while the fax machine bleeps
and the photocopier hums away
we’ll watch from our side of the window
one eye on the clock, knowing that at five
we'll pull down the blinds, switch off
the photocopier and leave the office,
avoiding the eye of the waiting mother bird.

- Originally published in Magma.

Taster No. 1 - Mike Stocks

Sunday, 18 May 2008

Introducing the June 2008 Readers: 1. Mike Stocks

Mike Stocks is an Edinburgh-based author. His novel White Man Falling won the Goss First Novel Award. His latest novel, an adventure-thriller called Down Deep written under the pen name Mike Croft, is just out. His book of sonnets Folly was published in 2006, while his translations of the sonnets of Giuseppe Gioacchino Belli were published in 2007. He is the editor of the poetry magazine, Anon.

A woman

Was I the only one who saw her cry?
She crossed me on the Mile, eyes raw and low,
went slowly grieving past the Netherbow,
a self-contained but sobbing passerby.

Everybody’s father has to die,
though whether hers had died I wouldn’t know;
and lovers love us deeply, till they go,
but who’s to say if hers had gone, or why?

More likely, as you say, her tears were
for smaller causes than the ones I state---
though I’m the one who saw the then of her,

and paused before I walked to where I went,
not knowing who she was nor what it meant,
and watched her disappear down Canongate.

Wednesday, 14 May 2008

2008-2009 Programme

Here's an updated programme for the Great Grog poetry readings in Edinburgh from now until February 2009. All events start at 8pm. The address is 43 Rose Street (take the first left going up Hanover Street. The Great Grog is thirty yards along the road)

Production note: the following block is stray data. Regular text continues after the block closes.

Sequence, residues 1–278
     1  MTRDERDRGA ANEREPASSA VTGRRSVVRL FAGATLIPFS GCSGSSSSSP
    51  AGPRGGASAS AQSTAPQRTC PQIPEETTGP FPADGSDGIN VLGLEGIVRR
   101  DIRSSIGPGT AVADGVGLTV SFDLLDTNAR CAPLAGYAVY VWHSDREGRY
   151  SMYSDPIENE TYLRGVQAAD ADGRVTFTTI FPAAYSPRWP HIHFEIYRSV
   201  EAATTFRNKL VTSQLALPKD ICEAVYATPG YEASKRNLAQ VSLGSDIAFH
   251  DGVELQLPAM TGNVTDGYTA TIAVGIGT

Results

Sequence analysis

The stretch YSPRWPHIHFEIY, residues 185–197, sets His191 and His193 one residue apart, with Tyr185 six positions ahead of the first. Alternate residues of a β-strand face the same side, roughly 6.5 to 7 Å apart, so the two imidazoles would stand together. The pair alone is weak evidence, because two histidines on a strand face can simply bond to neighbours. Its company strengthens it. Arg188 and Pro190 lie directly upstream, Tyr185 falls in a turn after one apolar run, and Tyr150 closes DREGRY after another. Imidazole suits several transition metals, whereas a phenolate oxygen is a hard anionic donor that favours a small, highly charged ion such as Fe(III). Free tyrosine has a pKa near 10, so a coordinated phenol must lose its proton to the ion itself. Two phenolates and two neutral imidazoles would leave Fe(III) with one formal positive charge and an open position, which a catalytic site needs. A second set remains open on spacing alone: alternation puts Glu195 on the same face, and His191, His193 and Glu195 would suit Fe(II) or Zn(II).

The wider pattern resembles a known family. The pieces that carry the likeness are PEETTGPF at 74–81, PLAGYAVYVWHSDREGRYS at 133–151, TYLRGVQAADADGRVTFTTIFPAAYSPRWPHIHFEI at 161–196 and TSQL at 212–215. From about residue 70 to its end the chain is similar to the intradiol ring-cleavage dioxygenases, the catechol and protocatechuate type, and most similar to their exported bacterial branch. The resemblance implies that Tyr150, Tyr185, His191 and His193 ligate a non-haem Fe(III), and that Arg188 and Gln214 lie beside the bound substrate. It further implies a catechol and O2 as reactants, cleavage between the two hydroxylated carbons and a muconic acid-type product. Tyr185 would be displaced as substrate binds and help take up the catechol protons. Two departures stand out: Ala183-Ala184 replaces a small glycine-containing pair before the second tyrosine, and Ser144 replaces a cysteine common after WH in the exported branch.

I've given links to the June 2008 poets: websites of Kapka Kassabova, Mike Stocks and Jim Carruth, and Eleanor Livingstone's HappenStance page. I hope to have bios and poems coming soon to this site.

Sunday 8th June, 2008
Kapka Kassabova
Mike Stocks
Eleanor Livingstone
Jim Carruth

Sunday 14th September, 2008
Michael Schmidt
Helena Nelson
Dorothy Baird
Charlotte Runcie

Sunday 12th October, 2008
Kei Miller
Hamish Whyte
Rob A. Mackenzie
Alice Howlett

Sunday 9th November, 2008
A.B. Jackson
Colin Will
Patricia Ace
James W. Wood

Sunday 8th February 2009
Tim Turnbull
Andrew Philip
Andrew Shields
Alan Gay

and coming after that (among others) - Claire Crowther, Kevin Cadwallender, Brian Johnstone, Ivy Alvarez, Julia Rampen etc.

And previously at the Great Grog:

Sunday 11th May, 2008
Alan Gillis
Sally Evans
Barbara Smith
Claire Askew

Sunday 13th April, 2008
Tom Pow
Joy Hendry
Margaret Christie
Elizabeth Gold

Sunday 10th February 2008
Cheryl Follon
Hazel Frew
Alexander Hutchison
Christie Williamson

Sunday 4th November 2007
Roddy Lumsden
AB Jackson
Andrew Philip
Rob A Mackenzie

Tuesday, 13 May 2008

Report on the 11th May Event